Mixing it up for seasons of colour

Mixing it up for seasons of colour

Liz Newport of Buzy Lizzie Garden Design is a great advocate of seed mixes for informal planting schemes

A looser style of planting is very fashionable at present – think traditional cottage gardens or perhaps the modern perennial profusion of Dutch garden designer, Piet Oudolf. Many years ago, a client described my planting style for her garden as ‘wanton and blousy’ so I am quite pleased to be on trend!

One of the most cost-effective ways of creating such a planting scheme on a large scale is to use seed mixes. This isn’t just about combining lots of different plants in one scheme. A good mix should also include succession flowering so that you have interest from May through to the first frosts.

There are many companies offering seed mixes but I’ve always been particularly fond of Pictorial Meadows. The company was conceived by Professor Nigel Dunnett when he was a lecturer in the Landscape Institute of Sheffield University and it is renowned for its work in the London 2012 Olympic Park and, more recently, several Greening Grey Britain projects.

Annual mixes, sown every year, are the most popular type. They are available in a range of colour themes and for a variety of soils and aspects but a majority prefer largely sunny, open and well-drained situations. I worked with a friend, Ali, on aspects of her Penrith garden and, as she was a volunteer Games Maker in London for 2012, she loves having her own little bit of the Olympic Park at home. Mind you, she didn’t underestimate the work involved in good soil preparation before initial planting and, as she is using annual mixes, there’s a need to dig the ground over thoroughly every year.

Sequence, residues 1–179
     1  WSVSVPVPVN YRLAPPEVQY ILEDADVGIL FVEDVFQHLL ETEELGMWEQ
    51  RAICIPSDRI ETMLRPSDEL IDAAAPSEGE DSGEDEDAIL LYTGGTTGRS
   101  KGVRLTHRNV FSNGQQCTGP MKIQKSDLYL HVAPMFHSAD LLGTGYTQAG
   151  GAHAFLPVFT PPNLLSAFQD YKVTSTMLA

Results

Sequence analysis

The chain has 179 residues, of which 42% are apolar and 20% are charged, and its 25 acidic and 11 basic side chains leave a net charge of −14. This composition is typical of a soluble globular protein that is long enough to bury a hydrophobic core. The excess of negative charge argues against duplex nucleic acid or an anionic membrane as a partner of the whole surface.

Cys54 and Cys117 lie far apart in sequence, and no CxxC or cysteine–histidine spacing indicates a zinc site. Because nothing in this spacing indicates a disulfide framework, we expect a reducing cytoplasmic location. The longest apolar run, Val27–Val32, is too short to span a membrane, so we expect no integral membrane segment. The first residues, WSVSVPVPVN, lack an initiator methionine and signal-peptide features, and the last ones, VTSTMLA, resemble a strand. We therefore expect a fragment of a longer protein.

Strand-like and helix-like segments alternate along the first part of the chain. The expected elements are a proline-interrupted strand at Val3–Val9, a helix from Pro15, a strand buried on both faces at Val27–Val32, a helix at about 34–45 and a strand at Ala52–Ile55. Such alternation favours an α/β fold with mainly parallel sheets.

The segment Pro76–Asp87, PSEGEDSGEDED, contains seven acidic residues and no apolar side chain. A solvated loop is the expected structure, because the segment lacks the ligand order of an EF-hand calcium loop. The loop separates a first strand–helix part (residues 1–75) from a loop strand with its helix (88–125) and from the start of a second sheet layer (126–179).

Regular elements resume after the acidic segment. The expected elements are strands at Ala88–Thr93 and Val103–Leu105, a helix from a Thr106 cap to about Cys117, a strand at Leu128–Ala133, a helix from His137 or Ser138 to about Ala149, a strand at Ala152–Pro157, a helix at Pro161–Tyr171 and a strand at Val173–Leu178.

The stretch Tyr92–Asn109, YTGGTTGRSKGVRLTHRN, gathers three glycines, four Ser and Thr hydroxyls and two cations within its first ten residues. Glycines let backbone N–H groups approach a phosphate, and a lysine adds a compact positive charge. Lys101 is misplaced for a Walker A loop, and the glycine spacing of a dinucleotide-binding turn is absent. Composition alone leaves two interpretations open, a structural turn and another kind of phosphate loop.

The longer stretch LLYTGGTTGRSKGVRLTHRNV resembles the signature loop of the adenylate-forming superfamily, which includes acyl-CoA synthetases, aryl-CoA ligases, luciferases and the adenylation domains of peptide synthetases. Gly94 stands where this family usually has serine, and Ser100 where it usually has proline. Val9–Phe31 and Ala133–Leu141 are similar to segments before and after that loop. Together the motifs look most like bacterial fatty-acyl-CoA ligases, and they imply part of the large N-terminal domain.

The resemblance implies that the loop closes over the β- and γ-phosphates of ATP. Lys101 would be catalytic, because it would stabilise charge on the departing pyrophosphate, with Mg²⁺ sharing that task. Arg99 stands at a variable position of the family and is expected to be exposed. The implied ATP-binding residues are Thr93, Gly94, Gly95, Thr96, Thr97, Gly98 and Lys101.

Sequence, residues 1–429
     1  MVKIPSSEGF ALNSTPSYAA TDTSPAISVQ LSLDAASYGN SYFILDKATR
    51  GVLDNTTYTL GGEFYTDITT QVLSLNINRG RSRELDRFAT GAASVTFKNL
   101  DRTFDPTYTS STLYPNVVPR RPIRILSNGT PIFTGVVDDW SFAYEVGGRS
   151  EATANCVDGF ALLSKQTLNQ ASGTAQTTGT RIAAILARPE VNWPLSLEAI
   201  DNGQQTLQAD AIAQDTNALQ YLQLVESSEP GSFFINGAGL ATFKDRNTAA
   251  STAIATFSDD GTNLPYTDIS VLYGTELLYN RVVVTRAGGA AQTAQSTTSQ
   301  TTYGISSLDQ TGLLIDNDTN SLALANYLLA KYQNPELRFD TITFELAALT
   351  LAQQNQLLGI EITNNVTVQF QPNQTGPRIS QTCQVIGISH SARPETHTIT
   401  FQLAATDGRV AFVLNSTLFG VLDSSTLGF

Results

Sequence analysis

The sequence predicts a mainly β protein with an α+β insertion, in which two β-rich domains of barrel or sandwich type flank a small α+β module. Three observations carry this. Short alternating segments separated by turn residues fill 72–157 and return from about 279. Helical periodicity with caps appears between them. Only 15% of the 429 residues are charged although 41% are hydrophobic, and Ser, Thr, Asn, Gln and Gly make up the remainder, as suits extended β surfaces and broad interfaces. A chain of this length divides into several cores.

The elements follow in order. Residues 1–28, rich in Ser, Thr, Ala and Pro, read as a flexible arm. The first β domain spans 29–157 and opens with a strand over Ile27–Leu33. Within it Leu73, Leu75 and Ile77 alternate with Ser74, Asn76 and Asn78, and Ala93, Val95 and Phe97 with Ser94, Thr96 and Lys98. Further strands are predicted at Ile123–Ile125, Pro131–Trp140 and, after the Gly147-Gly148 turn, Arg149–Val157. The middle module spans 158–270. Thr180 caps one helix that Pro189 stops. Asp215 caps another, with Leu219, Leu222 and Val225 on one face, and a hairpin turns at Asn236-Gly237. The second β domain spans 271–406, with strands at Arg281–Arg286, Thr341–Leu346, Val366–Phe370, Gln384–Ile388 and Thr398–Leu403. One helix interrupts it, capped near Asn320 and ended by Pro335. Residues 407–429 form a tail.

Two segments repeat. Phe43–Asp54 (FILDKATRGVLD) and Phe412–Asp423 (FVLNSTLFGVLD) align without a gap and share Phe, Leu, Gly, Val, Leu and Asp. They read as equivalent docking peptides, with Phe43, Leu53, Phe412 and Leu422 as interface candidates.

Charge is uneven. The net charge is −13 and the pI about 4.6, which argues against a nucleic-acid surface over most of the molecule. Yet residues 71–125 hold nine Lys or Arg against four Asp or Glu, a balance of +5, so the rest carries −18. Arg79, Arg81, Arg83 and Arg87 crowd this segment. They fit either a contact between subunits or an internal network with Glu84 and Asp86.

Perennial mixes are also available and there are choices of mixes for different soils and situations. In Cumbria, these are usually sown in the spring, as the ground begins to warm, and they can take a couple of years to get established. During that time, you might need to remove a few of the more “thuggish” weeds such as dandelions and dock leaves. I recommend pulling these out carefully and then filling the gaps with bulbs. It is worth this effort as, once established, perennial mixes repeat their show every year.

A final “mix” option is wildflower turf for instant impact. It costs more but might be worth the investment if you want to establish your planting as quickly as possible and start with relatively established plants.

One final suggestion for smaller plots: ask a garden designer about a more managed mix of perennials. Seed mixes are ideal for larger spaces but, if yours is a smaller garden, a better option might be to create a mix of perennials to give the same benefits of succession planting but designed specifically for your situation and your colour scheme.